Leaders see progress in budget talks

Leaders see progress in budget talks

Talks on a 2011 spending deal progressed Wednesday even as time was running out for congressional leaders and the White House to avoid a government shutdown.

“I think we’ve made some progress, yes, but we are not finished. Not by a long shot,” Speaker John BoehnerJohn Andrew BoehnerIsrael should resist Trump's efforts to politicize support Lobbyists race to cash in on cannabis boom Rising star Ratcliffe faces battle to become Trump's intel chief MORE (R-Ohio) told reporters Wednesday afternoon.


Senate Majority Leader Harry ReidHarry Mason ReidNo, it is not racist to question birthright citizenship McConnell rejects Democrats' 'radical movement' to abolish filibuster Harry Reid: 'Decriminalizing border crossings is not something that should be at the top of the list' MORE (D-Nev.) said Democrats are trying to avoid a shutdown and talks with Republicans would continue.

“We’ll meet with them again and continue the conversations we’ve been having,” he said Wednesday evening. “We’re going to keep talking and keep trying to find middle ground.” 

But there were signs a stalemate remained as BoehnerJohn Andrew BoehnerIsrael should resist Trump's efforts to politicize support Lobbyists race to cash in on cannabis boom Rising star Ratcliffe faces battle to become Trump's intel chief MORE and Reid returned to the White House late Wednesday night to meet with President Obama for a second straight day.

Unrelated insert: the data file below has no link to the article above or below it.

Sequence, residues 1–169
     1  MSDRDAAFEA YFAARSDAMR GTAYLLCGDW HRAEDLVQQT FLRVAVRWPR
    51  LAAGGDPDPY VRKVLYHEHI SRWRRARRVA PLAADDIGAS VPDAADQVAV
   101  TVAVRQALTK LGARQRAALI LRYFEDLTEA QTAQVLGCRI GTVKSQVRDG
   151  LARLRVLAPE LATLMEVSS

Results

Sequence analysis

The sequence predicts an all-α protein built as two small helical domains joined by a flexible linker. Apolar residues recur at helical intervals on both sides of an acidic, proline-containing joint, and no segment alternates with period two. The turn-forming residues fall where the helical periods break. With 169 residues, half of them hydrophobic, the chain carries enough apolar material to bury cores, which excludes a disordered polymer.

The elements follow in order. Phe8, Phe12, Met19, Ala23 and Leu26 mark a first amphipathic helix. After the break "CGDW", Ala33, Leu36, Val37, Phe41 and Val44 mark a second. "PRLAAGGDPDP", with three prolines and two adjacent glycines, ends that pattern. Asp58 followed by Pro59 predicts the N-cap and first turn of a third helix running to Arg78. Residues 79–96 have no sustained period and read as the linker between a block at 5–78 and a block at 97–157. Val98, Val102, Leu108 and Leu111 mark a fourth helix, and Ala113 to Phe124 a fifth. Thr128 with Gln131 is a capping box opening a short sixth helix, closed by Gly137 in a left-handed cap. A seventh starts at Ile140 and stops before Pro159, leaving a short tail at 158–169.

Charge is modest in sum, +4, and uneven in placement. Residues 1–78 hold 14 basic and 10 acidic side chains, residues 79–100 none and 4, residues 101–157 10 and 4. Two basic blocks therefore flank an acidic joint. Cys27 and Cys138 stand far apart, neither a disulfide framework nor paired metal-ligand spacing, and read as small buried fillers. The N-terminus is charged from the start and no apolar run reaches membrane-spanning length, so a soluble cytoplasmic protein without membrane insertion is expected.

No agreement was reached during the 90-minute Oval Office meeting, but all three said some progress has been made.

"We've narrowed the issues significantly," Reid said, speaking from outside the White House. "I have confidence we can get this done. We're not there yet, but hope lies eternal."

Boehner, appearing with Reid, said the negotiations were productive, but said, "There is no agreement on a number, and there is no agreement on the policy riders."

"There is no reason why we should not be able to complete a deal," Obama said in a brief post-negotiation appearance in the White House briefing room, where he was accompanied by senior staff and Vice President Biden.

The White House invite came after Boehner announced a last-minute effort by House Republicans to keep the government running. He said there will be a vote Thursday on a stopgap spending bill to keep the government functioning for another week while cutting $12 billion in spending.

The move sets up a confrontation with Senate Democrats and the White House as negotiators struggle to complete a budget agreement in time to avert a government shutdown this weekend. 

Democrats are opposed to the latest GOP measure, which would also fund the military for the remainder of the fiscal year. Republicans acknowledged, however, that the bill could be amended before it reaches the floor to keep the government operating for a few days and buy time for negotiators to reach a broader deal.